Students in Spain soak up history, art and language
The city of Toledo, Spain, became a summertime classroom for 33 Princeton undergraduates who spent a month there studying the Spanish language and immersing themselves in the local culture.
The Princeton in Spain program, in its inaugural year, offered the students an opportunity to learn Spanish intensively, live with local families and volunteer with elementary school students during the month of June. And it gave the students the chance to see the world in a new way.
"The program challenged me to see beyond my own relatively limited worldview in order to understand Spanish culture's distinct viewpoints and traditions, something I never could have achieved from the comparative comfort of a Princeton classroom," said Kevin McGinnis, a member of the class of 2011.
Students who were less experienced in Spanish spent three hours a day in language instruction, followed by a class in Spanish culture. More advanced students took classes in culture and society as well as in Spanish art. Classes were held at Fundación Ortega y Gasset, a Toledo school, and were taught by instructors from the school as well as Princeton faculty members.
Once a week classes were held at either the Museo del Prado or the Museo Reina Sofía in Madrid -- half an hour from Toledo by high-speed train -- to give students "direct exposure to the masterpieces they were learning about in class," said Antonio Calvo, a senior lecturer in Spanish and Portuguese languages and cultures at Princeton, who directed the program. The students, who are rising sophomores and juniors, also traveled to Madrid and Segovia, where they visited historic sites.
"This was a bunch of curious and brave students eager to push further their knowledge of Spanish culture," Calvo said.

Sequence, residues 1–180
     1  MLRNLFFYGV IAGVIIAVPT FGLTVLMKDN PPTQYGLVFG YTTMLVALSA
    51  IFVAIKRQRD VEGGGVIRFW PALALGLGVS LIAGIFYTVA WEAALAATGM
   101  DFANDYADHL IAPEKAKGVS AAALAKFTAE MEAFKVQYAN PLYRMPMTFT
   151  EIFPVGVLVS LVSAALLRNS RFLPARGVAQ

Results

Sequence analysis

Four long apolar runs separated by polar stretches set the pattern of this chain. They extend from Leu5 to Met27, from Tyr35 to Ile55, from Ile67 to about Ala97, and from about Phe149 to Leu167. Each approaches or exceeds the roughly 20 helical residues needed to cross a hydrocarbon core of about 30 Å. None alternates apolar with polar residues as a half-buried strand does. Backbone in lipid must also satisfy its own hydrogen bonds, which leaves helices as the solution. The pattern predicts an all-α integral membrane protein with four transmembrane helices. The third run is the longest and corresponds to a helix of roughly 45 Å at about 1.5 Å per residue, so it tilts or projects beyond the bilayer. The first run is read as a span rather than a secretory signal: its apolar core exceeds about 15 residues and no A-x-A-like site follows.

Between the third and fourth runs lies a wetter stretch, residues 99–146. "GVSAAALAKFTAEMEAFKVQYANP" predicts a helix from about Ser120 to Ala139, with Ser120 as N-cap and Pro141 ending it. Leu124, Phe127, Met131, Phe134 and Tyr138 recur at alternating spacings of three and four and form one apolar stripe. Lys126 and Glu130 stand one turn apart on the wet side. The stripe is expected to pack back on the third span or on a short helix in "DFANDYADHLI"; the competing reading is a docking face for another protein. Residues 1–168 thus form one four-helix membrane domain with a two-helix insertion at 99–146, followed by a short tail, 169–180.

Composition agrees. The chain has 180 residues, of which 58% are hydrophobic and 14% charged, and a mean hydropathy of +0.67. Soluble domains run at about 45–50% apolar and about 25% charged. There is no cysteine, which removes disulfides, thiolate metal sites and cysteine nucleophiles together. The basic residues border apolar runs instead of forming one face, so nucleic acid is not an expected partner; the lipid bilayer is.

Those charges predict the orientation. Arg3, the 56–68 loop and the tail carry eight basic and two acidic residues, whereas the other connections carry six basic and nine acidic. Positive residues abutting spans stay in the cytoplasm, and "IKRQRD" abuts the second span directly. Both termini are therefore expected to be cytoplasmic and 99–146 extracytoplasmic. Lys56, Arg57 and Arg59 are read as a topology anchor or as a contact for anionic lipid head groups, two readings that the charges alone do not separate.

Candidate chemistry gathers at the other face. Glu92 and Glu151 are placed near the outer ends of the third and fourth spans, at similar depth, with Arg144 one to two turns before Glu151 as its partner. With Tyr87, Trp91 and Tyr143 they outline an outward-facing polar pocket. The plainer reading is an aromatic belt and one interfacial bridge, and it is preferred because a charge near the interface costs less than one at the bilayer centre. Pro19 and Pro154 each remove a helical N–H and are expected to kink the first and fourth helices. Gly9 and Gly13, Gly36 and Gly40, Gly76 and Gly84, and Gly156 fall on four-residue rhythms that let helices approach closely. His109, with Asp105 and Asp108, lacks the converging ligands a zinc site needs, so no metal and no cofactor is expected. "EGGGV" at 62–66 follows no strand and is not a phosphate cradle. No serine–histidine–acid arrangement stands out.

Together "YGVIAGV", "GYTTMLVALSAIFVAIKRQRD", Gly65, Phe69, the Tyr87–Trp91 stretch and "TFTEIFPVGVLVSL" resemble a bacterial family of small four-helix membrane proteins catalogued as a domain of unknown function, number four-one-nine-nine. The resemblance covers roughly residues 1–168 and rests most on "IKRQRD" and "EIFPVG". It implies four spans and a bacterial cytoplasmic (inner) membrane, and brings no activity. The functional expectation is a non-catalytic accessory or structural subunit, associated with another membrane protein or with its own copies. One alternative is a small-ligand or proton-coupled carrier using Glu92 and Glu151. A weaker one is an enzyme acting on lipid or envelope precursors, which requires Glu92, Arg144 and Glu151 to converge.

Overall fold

Marieugenia Cardenas, a member of the class of 2011, learned that "sometimes experiences outside of the classroom are more enlightening than those inside of the classroom," she said. "Professor Calvo would always encourage us to go out and get a real look at things, as well as encouraging a sense of curiosity."
For Joseph Stanger, a member of the class of 2011, the experience demonstrated the benefits of exploration. "After getting lost a few times on the windy streets, I began to appreciate the beauty and mystery of the ancient city," he said.
Members of the group taught English to local elementary school students, which afforded them a "chance to interact with younger students who were always excited to see us and as enthusiastic to learn about the United States as I was to learn about their country," said McGinnis.
Many found their stays with a local family to be the trip's highlight. For John Preston, a member of the class of 2011, living with a Spanish family gave him "firsthand experience with Spanish culture" and demonstrated to him "how you can communicate with a limited vocabulary," he said. Students were required to be home with their families for breakfast and dinner, exposing them to conversations about food, culture and the Spanish devotion to soccer.
For Scott Baxter, a member of the class of 2011, the most rewarding part of the trip was interacting with his Spanish peers. "These conversations were great practice, and they taught me the most about contemporary culture in the city," he said.